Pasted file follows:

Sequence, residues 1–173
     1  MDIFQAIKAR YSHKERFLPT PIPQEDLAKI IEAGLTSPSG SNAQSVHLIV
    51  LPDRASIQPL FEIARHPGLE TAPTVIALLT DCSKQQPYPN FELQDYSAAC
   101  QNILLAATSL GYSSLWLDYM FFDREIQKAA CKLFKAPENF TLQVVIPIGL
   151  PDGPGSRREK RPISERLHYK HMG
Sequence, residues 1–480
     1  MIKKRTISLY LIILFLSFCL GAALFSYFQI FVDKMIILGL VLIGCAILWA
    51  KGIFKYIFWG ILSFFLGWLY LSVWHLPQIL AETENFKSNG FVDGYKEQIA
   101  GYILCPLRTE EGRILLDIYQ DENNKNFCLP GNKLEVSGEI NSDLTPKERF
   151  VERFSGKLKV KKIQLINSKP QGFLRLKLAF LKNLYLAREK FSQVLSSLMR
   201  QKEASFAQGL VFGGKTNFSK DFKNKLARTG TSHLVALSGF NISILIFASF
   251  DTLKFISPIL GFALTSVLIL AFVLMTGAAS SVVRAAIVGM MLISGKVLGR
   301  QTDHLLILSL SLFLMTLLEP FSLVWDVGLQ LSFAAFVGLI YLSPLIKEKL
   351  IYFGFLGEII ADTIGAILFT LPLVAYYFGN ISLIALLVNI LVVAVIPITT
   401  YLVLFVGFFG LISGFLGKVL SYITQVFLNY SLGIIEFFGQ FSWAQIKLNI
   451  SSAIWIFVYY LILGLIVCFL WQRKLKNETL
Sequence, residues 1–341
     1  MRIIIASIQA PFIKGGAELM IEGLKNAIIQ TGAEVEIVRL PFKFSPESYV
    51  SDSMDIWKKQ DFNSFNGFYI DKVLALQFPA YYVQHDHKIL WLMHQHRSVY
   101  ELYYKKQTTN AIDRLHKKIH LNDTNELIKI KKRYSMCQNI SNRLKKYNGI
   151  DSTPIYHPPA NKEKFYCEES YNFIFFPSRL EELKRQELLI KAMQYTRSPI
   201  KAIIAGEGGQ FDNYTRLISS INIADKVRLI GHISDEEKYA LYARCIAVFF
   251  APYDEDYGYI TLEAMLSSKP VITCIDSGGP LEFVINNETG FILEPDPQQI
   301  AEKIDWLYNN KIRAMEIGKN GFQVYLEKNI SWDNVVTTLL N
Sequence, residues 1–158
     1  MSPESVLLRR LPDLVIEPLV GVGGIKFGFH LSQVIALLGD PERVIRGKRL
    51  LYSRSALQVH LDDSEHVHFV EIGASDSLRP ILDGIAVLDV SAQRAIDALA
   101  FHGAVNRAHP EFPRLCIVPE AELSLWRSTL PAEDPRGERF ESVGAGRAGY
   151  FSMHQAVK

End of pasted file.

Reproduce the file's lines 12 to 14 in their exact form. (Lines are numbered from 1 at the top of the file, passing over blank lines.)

   251  DTLKFISPIL GFALTSVLIL AFVLMTGAAS SVVRAAIVGM MLISGKVLGR
   301  QTDHLLILSL SLFLMTLLEP FSLVWDVGLQ LSFAAFVGLI YLSPLIKEKL
   351  IYFGFLGEII ADTIGAILFT LPLVAYYFGN ISLIALLVNI LVVAVIPITT